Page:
From organizing an Earth Day-themed karaoke fundraiser to participating in a trash clean-up in their local community, Americans have pledged to take action to conserve mother earth for Earth Day 2007. More than 2,000 people have made pledges for change on World Wildlife Fund’s Earth Day website.
The site is a part of WWF’s “Time for Change” campaign, which asks Americans to take control over the fate of the planet during the 50 days leading up to Earth Day by challenging everyone to make a change in their lives to stop global warming, conserve our natural resources and protect the diversity of life on earth.
Through the campaign, WWF encourages Americans to make a commitment to conservation and share that commitment with the rest of the world. The “Time for Change” website serves as a public forum, allowing visitors to describe what they are doing to make a difference for Earth Day and post their pledge on the website along with photos, stories, or other items they’d like to share.
“The people have spoken. They’re concerned about the fate of the planet and they want to do something about it,” said Terry Macko, WWF’s vice president of membership and partner marketing. “We have received an incredible number of responses and are thrilled that we’re able to be an outlet for these personal commitments to affect change.”
See below for a sample of the pledges from the WWF “Time for Change” website:
“I drive a hybrid car, use compact fluorescent bulbs in all lights, compost my garbage, recycle; do whatever I can to make a difference, and for Earth Day, I will be researching other ways to do my part. We all have to commit to doing something to make a change!”
-- Sue, Gilford, NH
“I will be sharing with neighbors, family and friends the importance of using non-toxic household cleaning products. My commitment is to reach 500 households by Earth Day. “
-- Vivian, Randallstown, MD
“I try to make everyday Earth Day. I take only public transportation or walk, I buy recycled products such as bags and clothing. I reuse my paper grocery bags at the store to cut back on waste. Also as an interior designer, I use fabrics made out of recycled materials and specialize in green design. Every little bit helps. Do what you can and we can make a big difference!”
-- Nicole, San Francisco, CA
“My three friends and I are holding an Earth Day Poetry Festival. On April 22 we are inviting poets from the D.C. area to come share their work themed around the Earth.”
-- Bridget, Washington, D.C.
“In addition to the everyday things I do to help the environment -- recycle everything I can, cold water laundry and hang dry, utilize public transportation, etc. -- I’m saving up to buy a more fuel efficient/low emissions vehicle and plan as green a wedding as possible when I get married this Autumn! Hard to do on a student budget, but not impossible!”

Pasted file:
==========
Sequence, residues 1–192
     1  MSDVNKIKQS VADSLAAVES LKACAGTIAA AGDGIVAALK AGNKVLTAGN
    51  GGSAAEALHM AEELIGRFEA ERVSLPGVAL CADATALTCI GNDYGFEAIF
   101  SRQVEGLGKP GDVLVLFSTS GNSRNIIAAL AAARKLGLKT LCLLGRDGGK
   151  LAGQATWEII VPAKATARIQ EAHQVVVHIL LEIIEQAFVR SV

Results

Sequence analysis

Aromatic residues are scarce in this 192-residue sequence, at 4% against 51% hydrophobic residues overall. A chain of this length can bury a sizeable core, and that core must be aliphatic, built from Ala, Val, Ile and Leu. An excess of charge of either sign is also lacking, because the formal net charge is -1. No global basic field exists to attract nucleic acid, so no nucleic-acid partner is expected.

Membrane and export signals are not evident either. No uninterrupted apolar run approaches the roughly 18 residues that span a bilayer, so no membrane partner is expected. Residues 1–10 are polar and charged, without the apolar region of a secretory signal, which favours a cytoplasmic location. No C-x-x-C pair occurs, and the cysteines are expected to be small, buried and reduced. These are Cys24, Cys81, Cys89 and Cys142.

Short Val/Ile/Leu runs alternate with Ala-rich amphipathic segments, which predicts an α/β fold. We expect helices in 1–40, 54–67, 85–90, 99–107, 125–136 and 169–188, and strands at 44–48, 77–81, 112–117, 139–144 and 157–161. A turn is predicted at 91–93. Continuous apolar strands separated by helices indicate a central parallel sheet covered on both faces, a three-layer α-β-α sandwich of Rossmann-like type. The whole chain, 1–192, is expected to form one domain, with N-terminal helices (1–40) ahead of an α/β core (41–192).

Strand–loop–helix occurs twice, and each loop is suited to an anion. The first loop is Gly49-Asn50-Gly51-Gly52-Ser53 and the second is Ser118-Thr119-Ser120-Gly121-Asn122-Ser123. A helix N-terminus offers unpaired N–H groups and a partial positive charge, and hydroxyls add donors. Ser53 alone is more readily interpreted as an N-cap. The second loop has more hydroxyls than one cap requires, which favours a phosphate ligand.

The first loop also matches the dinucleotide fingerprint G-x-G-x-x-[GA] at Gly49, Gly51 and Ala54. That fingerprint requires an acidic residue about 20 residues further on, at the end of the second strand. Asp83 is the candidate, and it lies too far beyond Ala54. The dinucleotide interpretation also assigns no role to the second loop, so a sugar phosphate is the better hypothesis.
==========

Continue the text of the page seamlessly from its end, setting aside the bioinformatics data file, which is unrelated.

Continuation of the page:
-- Dawn, Vallejo, CA
WWF is also making philanthropy accessible to all Americans through a nationwide coin collection during the 50 days before Earth Day to support the organization’s global conservation efforts. Over the past two months, people who have pledged to collect at least $50 to support WWF received in the mail an Earth Day fundraising kit, complete with an earth-shaped bank for collecting “change” and a Time for Change poster illustrating WWF’s priority conservation areas and some of the extraordinary wildlife WWF is protecting in those areas.
A Texas father gave the globe to his daughter who became WWF’s youngest fundraiser:
“I signed up this year so my 4-year-old, animal-loving daughter could become involved with the WWF. We received her globe and pounded the pavement. She had her speech down and went to numerous local businesses in our town asking for a donation to the WWF, she added that she needed spare change to make change for Earth Day.”
-- Shawn, Splendora, TX
A teacher in New York shares the efforts of her students:
“My high school biology students in Manhattan are donating their leftover lunch money, coins they’ve collected in jars over the years, and even their allowance. We have studied both local and global environmental issues all year and wanted to help preserve our beautiful world for Earth Day. “
-- Danielle, Rockville Centre, NY
In conjunction with the campaign, there are six days left for anyone in America to participate in the WWF Earth Day Coin Count Challenge. Visitors to the website can guess how many coins will be donated to WWF from March 4 through April 22. One grand prize winner will receive a 7-day excursion for two to see polar bears up close in the wild in Churchill, Canada courtesy of Natural Habitat Adventures. Other prizes provided by sponsors include 5-night stays at any DoubleTree Hotel in North America and digital cameras from HP.
For more information and to participate in the WWF Time for Change program, visit www.worldwildlife.org/earthday.
WWF would like to thank these 2007 Time for Change sponsors: Coinstar, Inc., Natural Habitat Adventures, DoubleTree Hotels, HP, and Animal Planet.